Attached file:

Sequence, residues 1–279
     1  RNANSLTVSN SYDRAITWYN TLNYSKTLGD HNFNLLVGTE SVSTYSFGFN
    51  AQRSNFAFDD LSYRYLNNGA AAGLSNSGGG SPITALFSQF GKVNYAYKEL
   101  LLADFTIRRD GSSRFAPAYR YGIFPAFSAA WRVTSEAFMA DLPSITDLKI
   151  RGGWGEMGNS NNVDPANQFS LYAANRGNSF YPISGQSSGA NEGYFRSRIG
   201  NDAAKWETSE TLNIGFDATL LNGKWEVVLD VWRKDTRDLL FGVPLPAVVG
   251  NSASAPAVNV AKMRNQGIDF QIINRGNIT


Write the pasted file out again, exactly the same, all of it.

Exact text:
Sequence, residues 1–279
     1  RNANSLTVSN SYDRAITWYN TLNYSKTLGD HNFNLLVGTE SVSTYSFGFN
    51  AQRSNFAFDD LSYRYLNNGA AAGLSNSGGG SPITALFSQF GKVNYAYKEL
   101  LLADFTIRRD GSSRFAPAYR YGIFPAFSAA WRVTSEAFMA DLPSITDLKI
   151  RGGWGEMGNS NNVDPANQFS LYAANRGNSF YPISGQSSGA NEGYFRSRIG
   201  NDAAKWETSE TLNIGFDATL LNGKWEVVLD VWRKDTRDLL FGVPLPAVVG
   251  NSASAPAVNV AKMRNQGIDF QIINRGNIT